International Competition Network Addresses Bid-Rigging in Government Procurement
October 16, 2017
In October 2017, Canada’s Commissioner of Competition John Pecman (Commissioner) joined competition law enforcement authorities from around the world in Ottawa for the International Competition Network’s (ICN) 14th annual Cartel Workshop, which focused on “combating cartels in public procurement”.
The Cartel Workshop involved 27 sessions addressing bid-rigging issues such as detection in public versus private procurement, screening public procurement data to detect bid-rigging, working with informants in and out of government, cooperation with other domestic and international law enforcement agencies, actions for damages and best practices for fostering compliance with bid-rigging laws. Some sessions went beyond bid-rigging, for example focusing on companies’ use of algorithms for pricing decisions, the use of indirect evidence in cartel cases, technology of assistance to cartel investigations, and sanctions generally. Certain materials presented at the workshop may become available, as has been done in previous years, on the ICN website.
In his opening remarks, the Commissioner noted that for its 122 jurisdictions “the ICN has become a key platform for sharing experiences and best practices, and for advancing global convergence in competition policy”. Referencing the Government of Canada’s commitment to spending C$186-billion over the next decade on infrastructure, the Commissioner stated that “bid-rigging on public contracts can lower project quality and increase prices paid by tax payers by as much as 30 per cent… [and] has a negative impact on the level of innovation and growth in the economy over the long-term”.
Pointing to the launch of a Contracting Fraud Tipline and the Competition Bureau’s outreach efforts with federal, provincial and municipal public procurement officials, Commissioner Pecman stressed the importance of using the “latest tools to detect and prevent bid-rigging”, such as “tender design and data screening algorithms”, and the need for all levels of government to work together to protect the integrity of the public procurement process.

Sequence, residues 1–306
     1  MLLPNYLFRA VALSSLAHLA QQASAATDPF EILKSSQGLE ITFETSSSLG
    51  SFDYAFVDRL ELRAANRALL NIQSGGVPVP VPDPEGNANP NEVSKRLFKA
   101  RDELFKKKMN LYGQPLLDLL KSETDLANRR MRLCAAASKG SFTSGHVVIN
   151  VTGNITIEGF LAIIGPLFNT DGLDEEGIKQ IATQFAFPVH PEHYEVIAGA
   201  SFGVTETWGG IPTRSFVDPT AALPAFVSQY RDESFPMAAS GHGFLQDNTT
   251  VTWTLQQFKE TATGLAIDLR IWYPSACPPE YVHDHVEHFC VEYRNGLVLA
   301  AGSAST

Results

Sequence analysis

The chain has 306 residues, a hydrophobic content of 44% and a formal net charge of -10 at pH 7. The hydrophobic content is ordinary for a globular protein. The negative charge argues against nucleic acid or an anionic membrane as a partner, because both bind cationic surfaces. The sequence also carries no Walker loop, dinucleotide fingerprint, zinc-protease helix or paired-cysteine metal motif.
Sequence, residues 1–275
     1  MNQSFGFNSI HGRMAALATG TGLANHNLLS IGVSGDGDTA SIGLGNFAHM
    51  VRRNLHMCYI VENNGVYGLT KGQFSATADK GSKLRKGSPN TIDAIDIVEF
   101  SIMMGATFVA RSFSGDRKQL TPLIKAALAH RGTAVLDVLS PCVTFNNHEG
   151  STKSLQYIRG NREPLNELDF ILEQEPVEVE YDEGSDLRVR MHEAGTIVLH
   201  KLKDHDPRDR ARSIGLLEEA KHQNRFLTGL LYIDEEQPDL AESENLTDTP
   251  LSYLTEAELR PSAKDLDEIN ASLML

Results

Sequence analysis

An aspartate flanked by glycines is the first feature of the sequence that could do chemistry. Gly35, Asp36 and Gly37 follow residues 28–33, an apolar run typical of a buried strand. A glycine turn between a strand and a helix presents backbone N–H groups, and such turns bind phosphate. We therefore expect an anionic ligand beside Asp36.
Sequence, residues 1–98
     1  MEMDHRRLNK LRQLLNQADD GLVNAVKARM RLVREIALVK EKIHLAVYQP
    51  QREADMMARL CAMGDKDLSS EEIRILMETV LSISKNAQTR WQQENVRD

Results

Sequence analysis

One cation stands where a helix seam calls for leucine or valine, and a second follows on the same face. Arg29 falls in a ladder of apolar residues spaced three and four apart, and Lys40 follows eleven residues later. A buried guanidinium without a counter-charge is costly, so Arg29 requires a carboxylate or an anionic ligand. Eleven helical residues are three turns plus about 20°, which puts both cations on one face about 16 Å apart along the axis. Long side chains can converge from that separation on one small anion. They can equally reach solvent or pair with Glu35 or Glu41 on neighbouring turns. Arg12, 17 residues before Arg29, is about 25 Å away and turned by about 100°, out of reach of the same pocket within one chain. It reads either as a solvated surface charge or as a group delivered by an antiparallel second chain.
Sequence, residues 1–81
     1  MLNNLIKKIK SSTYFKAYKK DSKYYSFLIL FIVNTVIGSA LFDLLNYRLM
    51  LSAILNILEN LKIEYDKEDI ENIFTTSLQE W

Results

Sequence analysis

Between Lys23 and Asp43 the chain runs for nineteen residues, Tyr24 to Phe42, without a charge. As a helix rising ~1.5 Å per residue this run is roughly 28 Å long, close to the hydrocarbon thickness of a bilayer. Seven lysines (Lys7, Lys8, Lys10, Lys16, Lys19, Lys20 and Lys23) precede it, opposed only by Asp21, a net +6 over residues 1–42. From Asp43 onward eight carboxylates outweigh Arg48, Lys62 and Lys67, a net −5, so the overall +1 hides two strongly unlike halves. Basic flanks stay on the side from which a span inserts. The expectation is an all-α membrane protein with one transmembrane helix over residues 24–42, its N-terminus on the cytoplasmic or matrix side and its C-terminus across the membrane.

Consistent with the Competition Bureau’s focus on public procurement, on September 25, 2017, the Canadian government launched a public consultation on possible modifications to its “Integrity Regime”, which may disqualify parties from bidding on federal government contracts where they have been found to have contravened the criminal provisions of the Competition Act or certain provisions of the Criminal Code. The consultation seeks answers to targeted questions aimed at making the Integrity Regime more effective, such as:
- Should offences beyond the Competition Act and Criminal Code be included (e.g., those under provincial laws)?
- When should a party be suspended from bidding on government contracts (e.g., before a formal charge or conviction, or only after)?
- How long should such suspension last?
The consultation also considers the potential adoption of deferred prosecution agreements (DPAs). Through such arguments, the prosecution of a company may be suspended and amnesty granted if the company meets certain conditions, which range from admissions of guilt and payments of reparation, to reform of the company’s policies, to assistance with the government’s investigation and prosecution of other parties. Regarding the potential for DPAs, the consultation asks more general questions, for example as to the offences that should benefit from a DPA, the basic terms of any DPA and the forms of remediation that should be included. The public consultation is open until November 17, 2017.
If you have any questions or comments regarding these developments, please do not hesitate to contact your usual Blakes contact or any member of the Blakes Competition & Antitrust or Procurement groups.
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